Research suggests that hormones influence the duration and severity of autoimmunity affecting the CNS. One study found abnormally low levels of testosterone in human males with MS, and animal models of MS have shown low levels of testosterone and increased levels of luteinizing hormone,54 as well as an inverse relationship between testosterone levels and levels of inflammatory mediators.54 Another study showed improvement in cognitive performance, a slowing of brain atrophy, and increased lean body mass upon supplementation with a gel containing 100 mg of testosterone given daily to men with relapsing-remitting MS for a 12-month period.55 However, the supplementation had no significant effect on the numbers or volumes of sclerotic lesions.55 Levels of the androgen dehydroepiandrosterone (DHEA) have also been found to be significantly lower in MS patients than in healthy individuals.56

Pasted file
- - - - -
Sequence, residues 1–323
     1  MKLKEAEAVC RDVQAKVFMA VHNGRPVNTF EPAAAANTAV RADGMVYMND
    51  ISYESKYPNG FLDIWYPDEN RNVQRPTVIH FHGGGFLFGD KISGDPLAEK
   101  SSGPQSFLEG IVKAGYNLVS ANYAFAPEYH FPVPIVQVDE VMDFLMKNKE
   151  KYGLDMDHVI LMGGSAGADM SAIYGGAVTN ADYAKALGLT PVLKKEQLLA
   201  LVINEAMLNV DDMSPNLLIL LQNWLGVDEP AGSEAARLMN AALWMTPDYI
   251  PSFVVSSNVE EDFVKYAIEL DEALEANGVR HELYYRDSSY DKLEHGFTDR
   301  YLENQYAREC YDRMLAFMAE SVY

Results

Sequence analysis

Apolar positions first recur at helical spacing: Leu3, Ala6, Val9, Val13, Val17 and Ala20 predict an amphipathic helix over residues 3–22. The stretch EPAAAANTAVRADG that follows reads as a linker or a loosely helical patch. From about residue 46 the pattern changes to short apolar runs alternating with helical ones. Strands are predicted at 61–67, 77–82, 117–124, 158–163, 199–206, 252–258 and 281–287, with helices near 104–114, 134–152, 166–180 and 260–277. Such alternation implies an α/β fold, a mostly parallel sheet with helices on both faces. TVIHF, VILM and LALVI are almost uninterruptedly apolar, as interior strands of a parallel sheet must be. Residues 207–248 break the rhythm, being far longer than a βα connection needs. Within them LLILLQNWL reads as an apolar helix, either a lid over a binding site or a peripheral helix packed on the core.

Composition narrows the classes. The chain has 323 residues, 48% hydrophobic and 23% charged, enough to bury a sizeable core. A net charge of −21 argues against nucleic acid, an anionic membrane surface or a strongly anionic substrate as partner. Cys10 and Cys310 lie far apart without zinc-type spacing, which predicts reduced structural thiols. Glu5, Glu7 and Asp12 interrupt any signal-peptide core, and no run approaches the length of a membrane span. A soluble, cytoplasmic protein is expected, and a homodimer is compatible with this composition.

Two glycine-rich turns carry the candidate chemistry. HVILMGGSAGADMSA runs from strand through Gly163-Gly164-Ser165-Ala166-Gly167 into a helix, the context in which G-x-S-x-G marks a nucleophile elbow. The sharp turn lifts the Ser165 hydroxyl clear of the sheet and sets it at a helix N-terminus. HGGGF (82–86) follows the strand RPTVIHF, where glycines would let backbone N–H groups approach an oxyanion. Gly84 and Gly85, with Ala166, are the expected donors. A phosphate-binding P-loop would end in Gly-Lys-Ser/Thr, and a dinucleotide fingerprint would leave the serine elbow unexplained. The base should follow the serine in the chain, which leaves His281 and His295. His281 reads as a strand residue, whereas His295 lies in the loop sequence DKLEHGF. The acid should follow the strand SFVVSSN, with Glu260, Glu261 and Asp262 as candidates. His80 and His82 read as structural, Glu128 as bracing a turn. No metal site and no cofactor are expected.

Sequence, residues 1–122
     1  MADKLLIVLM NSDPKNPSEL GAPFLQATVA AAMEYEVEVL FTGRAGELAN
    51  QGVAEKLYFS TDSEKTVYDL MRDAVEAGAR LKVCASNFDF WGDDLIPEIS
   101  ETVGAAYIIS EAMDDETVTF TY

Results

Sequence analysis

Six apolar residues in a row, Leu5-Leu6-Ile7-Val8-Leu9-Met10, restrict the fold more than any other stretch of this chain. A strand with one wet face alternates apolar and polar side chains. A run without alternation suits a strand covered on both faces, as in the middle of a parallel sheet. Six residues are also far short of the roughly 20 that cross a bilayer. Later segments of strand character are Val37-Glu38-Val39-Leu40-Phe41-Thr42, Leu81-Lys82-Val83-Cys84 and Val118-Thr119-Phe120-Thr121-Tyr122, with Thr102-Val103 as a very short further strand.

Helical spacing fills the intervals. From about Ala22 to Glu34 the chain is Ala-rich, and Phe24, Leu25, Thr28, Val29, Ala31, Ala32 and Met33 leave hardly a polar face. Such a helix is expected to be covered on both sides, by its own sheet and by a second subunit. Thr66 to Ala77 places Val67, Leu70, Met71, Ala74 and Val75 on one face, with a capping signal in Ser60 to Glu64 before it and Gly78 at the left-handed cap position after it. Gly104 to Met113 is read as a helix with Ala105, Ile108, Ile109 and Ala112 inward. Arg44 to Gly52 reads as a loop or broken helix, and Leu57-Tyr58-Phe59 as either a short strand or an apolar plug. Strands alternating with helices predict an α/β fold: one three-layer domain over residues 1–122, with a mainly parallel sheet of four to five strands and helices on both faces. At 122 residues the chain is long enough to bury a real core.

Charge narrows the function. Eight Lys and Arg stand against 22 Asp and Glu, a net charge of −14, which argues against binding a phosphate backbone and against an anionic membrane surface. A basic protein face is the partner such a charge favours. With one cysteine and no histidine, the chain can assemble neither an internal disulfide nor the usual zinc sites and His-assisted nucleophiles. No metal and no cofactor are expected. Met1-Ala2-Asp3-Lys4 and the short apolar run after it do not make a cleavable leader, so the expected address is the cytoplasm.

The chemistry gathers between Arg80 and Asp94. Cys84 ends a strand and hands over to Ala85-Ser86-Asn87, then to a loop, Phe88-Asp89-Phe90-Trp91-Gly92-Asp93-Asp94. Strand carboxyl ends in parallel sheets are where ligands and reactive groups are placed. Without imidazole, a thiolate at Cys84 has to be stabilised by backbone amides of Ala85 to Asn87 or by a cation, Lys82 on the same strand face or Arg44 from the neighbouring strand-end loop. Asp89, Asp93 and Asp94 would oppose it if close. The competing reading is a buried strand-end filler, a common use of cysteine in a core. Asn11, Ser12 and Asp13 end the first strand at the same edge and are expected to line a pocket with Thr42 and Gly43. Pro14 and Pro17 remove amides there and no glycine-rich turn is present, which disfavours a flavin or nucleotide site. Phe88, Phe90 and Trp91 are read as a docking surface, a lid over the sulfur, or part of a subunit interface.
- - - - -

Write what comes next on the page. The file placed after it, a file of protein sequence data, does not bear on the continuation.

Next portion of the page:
Estrogen levels also appear to play a role in the severity of MS symptoms. Among a group of menopausal women with MS, 82% reported premenstrually increased symptom severity, 54% reported a worsening of symptoms with menopause, and 75% of those who had tried hormone replacement therapy reported an improvement in symptoms.57 Studies indicate that low-dose estradiol may be beneficial for women with MS. Animal models show that low-dose estradiol inhibits T-cell migration into the CNS and has neuroprotective effects that promote axon and myelin survival.58 Estrogens have also been found to inhibit the production of proinflammatory Th1 cytokines such as IL-12, TNF-alpha, and IFN gamma, and to stimulate the production of anti-inflammatory Th2 cytokines such as IL-10, IL-4, and TGF-beta. This may explain why estrogen modulates Th1- and Th2-mediated diseases such as MS.59 Studies of pregnancy in women with MS also suggest a role of hormones in the disease. Of the women studied, 75% showed a distinct shift from a Th2 cytokine bias during pregnancy to a Th1 cytokine bias postpartum.60 Clinical trials using daily doses of estriol that are equivalent to the amount produced during pregnancy have shown significant reduction in MS lesions in patients with the relapsing-remitting form of the disease.11
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